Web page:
Every year we spend time interviewing our clients and industry contacts to better understand their business environment and the trends most impacting them. After years of investment and (in some cases double digit) growth in the Real Estate and Construction sector, the industry is now at an important juncture. Despite the residential market cooling in some of the major cities, there is still a continuing appetite for innovative projects along new transport corridors – providing funding can be accessed.
After conducting nearly 70 interviews with our Real Estate and Construction clients across FY18, the recurring themes for this industry were the ever increasing burden of risk and regulation, talent management and financing.
Property remains a popular asset class for tax
The level of risk and regulation has continued to escalate for the real estate and construction sector in recent years, with a raft of legislative changes and evolving tax implications for real estate developers and investors being imposed at all levels of government. This past year alone has seen the introduction of property vacancy fees and annual reporting for foreign owners of Australian residential property, changes to the application of GST on residential purchases, and more of the states implementing surcharges or increased rates on direct and indirect acquisitions of residential property by foreign purchasers.
Overlay this with the uncertainty around capital gains tax in 2019, with the Morrison Government tweaking the rules for residential property investors and CGT exemptions for expats if they sell while overseas. The Opposition is heading to the election with a strong stance on reducing tax concessions around negative gearing and the CGT discount for property investors.
As Australians, our love affair with Real Estate hasn’t changed so it will also remain a hotly contested asset class when it comes to tax alternatives. That said, the bureaucrats understand the industry is a key contributor to the Australian economy and the importance of sustainable growth in the sector to maintain employment opportunities, create productive cities and manage housing affordability.
Technology advancement is changing the way we build as well as what we build
Automation and 3D printing are helping to speed up the lifecycle of projects, and this technology is progressing daily. We now have digitised and interconnected building management systems making it easier to keep on top of maintenance, while the “Internet of Things” (IoT) digitally enables ‘dumb devices’ like air-conditioning, lighting, media and security systems, allowing the user to customise their experience of the building. All of these services now interconnect and interact with each other – a benefit for tenants and landlords – but can also present a cyber-security risk. The industry is becoming a popular target for cyber criminals who can hack into a BMS system to access schedules of work and exploit data, or simply create mischief and brand damage by manipulating services (like turning up the heat, setting off the sprinklers or preventing access) – all which represent unwelcome interruptions to business. Like all businesses, landlords need to take adequate steps to ensure their tenant’s data and workspaces are secure, or face serious market consequences.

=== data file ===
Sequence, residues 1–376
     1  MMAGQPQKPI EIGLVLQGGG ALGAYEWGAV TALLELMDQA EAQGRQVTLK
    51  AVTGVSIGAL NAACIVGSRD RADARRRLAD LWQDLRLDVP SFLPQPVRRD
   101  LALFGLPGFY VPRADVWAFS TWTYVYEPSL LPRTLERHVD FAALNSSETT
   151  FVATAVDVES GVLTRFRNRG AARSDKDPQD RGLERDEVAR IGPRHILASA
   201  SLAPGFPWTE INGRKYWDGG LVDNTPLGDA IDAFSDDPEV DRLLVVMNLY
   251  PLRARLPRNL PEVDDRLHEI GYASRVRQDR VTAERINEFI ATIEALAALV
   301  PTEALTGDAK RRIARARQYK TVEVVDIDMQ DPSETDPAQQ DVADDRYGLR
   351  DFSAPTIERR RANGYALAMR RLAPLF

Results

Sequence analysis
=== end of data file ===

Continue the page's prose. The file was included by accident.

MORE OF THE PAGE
A number of participants in the real estate industry have found themselves victim to cyber criminals, the attraction being transactions that involve significant amounts of money exchanged at any one time. With many real estate agents and companies relying on single factor authentication, it has been relatively easy for cyber criminals to crack into email accounts to doctor invoices or divert funds to their own bank accounts.
It is essential that businesses in the real estate and construction industry safeguard their assets, data and their customers, by ensuring they have considered the risk that cyber security presents and have adequate preventative measures and training in place.